Judges, not prosecutors, would decide if children under 18 accused of crimes in Nebraska would be tried in adult or juvenile courts. And slag left over from steelmaking would no longer be treated as waste, under bills advancing in the Legislature. Meanwhile, a bill to roll back prenatal benefits for illegal immigrants seems unlikely to move.
The juvenile justice measure would change the way the system now works. Currently, prosecutors decide if juveniles under age 18 will be tried in adult or juvenile courts. In 2011, Voices for Children in Nebraska says, over 4,000 cases were filed, and fewer than one fifth were transferred to juvenile court. But 90 percent of the cases where youth were prosecuted as adults were misdemeanors.
Omaha Sen. Brad Ashford said Nebraska needs to change the way it handles juvenile cases. "This is now the time to reform our juvenile justice system to get in line with the rest of the country and help our kids," he said.
"I know Nebraskans deeply, deeply care about these cases and these children. They care deeply. But we have to provide them with a system that works. If we don’t, we will continue to limp along. We will continue to overincarcerate youth."
Ashford’s bill would require that cases against juveniles start out in juvenile court, or in counties that don’t have them, in county court, and would require prosecutors to convince a judge to move them to adult court.
Omaha Sen. Burke Harr says the Legislature should consider making a distinction between serious crimes and those involving being a minor in possession of alcohol, for example. "We don’t want a kid who’s accused of murder going through juvenile court, necessarily, if he’s 17 years old and commits a heinous crime. But at the same time, a 17 year old with an MIP? Maybe they need some help," he said.
Ashford said he would work with people who have suggestions between now and the next round of debate. Senators then voted 39-0 to give the bill first round approval.
On another subject, senators moved toward changing the way slag left over from steel production is treated. Currently, says John Kinter, environmental manager for Nucor Steel, slag is used like gravel in roads, as railroad ballast, and has the potential to be used in concrete. But in Nebraska, the Department of Environmental Quality decides requests to use it on a case-by-case basis.
Under a proposal by Sen. Jim Scheer of Norfolk, where Nucor employs about 950 people, slag will not be considered solid waste as long as it’s managed and not treated like a discarded product. Department of Environmental Quality Director Mike Linder says if slag were simply stockpiled and abandoned, it could be considered solid waste.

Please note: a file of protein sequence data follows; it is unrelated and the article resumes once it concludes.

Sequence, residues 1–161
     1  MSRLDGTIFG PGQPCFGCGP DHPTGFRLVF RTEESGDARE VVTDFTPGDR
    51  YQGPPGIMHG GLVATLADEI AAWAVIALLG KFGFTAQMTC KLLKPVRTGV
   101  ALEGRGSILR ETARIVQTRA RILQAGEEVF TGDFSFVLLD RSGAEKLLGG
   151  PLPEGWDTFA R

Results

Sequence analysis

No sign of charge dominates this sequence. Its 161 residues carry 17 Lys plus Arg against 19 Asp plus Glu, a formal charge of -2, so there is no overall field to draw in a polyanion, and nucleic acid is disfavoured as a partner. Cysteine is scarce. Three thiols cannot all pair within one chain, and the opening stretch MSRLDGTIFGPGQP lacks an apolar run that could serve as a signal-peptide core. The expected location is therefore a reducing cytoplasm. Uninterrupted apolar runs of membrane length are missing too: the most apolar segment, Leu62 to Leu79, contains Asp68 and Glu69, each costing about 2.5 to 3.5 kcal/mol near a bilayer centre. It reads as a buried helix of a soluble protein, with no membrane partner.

Scheer says the idea is to recognize the use of slag in the law, so it’s not subject to being treated as waste by a future regulator. "The concern is that at some point in time there may be a determination by someone that it would be an industrial waste. And it’s always been a product, so we are just simply defining it as a product so we don’t have to worry at some point in time with someone changing their individual mind," he said.
No senator spoke against the bill, which got first round approval on a vote of 40-0.
And the Health and Human Services Committee held a public hearing on a proposal to roll back last year’s restoration of prenatal benefits for illegal immigrants who are pregnant and their unborn children. The rollback is sponsored by Fremont Sen. Charlie Janssen and supported by Gov. Dave Heineman.
Among those supporting it was Marty Brown of Nebraska Taxpayers for Freedom, who said it adds to other costs of having illegal immigrants in the state. "Nebraska is a free feeding tube for illegal aliens. I have made a detailed list of these costs in Nebraska for your review, and I’ll be sending out to thousands throughout Nebraska. By adding the cost of prenatal care, you add another burden to Nebraska citizen(s) and another example of government gone wild," Brown said.
Yazim Gamez opposed the bill, LB518. She said she is undocumented, but has applied to change her status under a program created by President Barack Obama for illegal immigrants who were brought to the United States as children. Holding her 4 year old daughter Yarianna, Gamez said prenatal care she got helped find an iron deficiency associated with premature deliveries, low birth weight, stillbirth and newborn deaths.
"This could have happened to my daughter. Thankfully, I had access to prenatal care. A simple, routine pregnancy test prevented this from happening. If LB518 is voted out of this committee, there will be other cases like mine, but this time, devastating results," she said.
The committee took no immediate action on the bill. But it has not been given priority status, and is not expected to advance.